Local archer hits the mark in competition

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Local archer hits the mark in competition NORTH CAPE MAY – Tom Higgins has two passions in life – teaching history at Lower Cape May Regional High School and traditional archery.

The 52-year-old North Cape May resident has been shooting archery since he was a young boy, but it has been the resurgence in the interest in traditional archery with the publication of books like “The Hunger Games” that has captured his imagination.

“Traditional archery has Zen-like qualities to it,” Higgins said. “Without sights or anything to aim the arrow with, one must become the arrow. It is also a great way to release stress.”

Higgins said he goes to the archery range after a long day of school and shoots 100 or 200 arrows. Unlike modern archery with cameras, release aids and sights, traditional archers shoot either recurve or long bows without sights and without releases, he said.

“You just shoot the arrow off the shelf, using your fingers as a release,” Higgins said.

The goal is to develop instinctive shooting habits, he said.

“Instinctive shooting is a lot like throwing a baseball or a football,” he said. “You don’t use sights when you’re having a catch with a friend either, you just know instinctively when to release the ball.”

Higgins placed first in the “Last Man Standing” competition at the Bigfoot Open archery shoot, hosted by the Black Knight Bowbenders and Traditional Archers of New Jersey. In the competition, 50 archers shot two arrows at five different sized targets at different distances. Archers scored when their arrow struck the target in the designated scoring area.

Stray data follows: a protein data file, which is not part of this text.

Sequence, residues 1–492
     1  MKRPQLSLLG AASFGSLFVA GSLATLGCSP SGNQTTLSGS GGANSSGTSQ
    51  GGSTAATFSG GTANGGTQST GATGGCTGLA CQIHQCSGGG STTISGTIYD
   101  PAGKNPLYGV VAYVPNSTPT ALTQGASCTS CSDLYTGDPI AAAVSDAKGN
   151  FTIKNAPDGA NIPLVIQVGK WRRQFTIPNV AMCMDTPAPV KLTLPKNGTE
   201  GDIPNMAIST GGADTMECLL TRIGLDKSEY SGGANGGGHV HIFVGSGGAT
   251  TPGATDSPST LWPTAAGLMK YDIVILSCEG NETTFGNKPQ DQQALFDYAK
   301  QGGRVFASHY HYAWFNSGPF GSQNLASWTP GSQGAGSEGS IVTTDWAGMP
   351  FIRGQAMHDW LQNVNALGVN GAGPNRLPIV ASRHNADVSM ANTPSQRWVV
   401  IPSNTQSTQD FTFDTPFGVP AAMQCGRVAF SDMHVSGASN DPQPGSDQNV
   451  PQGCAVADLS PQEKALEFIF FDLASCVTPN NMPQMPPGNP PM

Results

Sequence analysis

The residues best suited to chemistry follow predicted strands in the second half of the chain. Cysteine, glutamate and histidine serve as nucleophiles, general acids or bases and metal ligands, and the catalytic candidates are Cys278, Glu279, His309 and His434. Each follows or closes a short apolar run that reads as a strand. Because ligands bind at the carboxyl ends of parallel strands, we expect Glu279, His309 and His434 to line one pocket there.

After each round of shooting half the participants with the lowest scores were eliminated. After three rounds Higgins had the highest score and was the last man standing.

“I didn’t shoot particularly well in the first two rounds,” Higgins said. “But I fell into a groove in the last round, shooting a high score of 70 out of a possible 110.”

The next stop for Higgins is the Eastern Traditional Archery Rendezvous in Potter County Pennsylvania at the end of July. He plans on competing in the “Eagle Eye” competition.

Some of the best traditional archers on the East Coast will be in attendance, so it will be a real test of my skill,” he said.

Higgins credits Guy Kanas, owner of Fletcher’s Corner Archery Supply and Target Range, for allowing him to develop his skills.

“Guy not only has an indoor range, he also hosts Tuesday night 3-D shoots at lifelike facsimiles of real game animals,” Higgins said.

He said archery is a low impact, social activity that can become a lifelong pursuit. Many people who have grown accustomed to a sedentary lifestyle, or who may not excel at traditional athletic pursuits, find a niche in archery, Higgins said.

“It’s a good sport for couch potatoes,” he said. “Generally, you have to walk from station to station during a shoot, which not only gets the heart going but gets the participant out in nature as well. The sport is relatively inexpensive with much of the cost front loaded in the price of equipment and a bow. It is also a good sport for developing discipline, muscle memory and concentration skills.”

Atlantic Cape Community College has a competitive team for students enrolled in their school, Higgins said.

“Give archery a try, it can become quite addictive,” he said.

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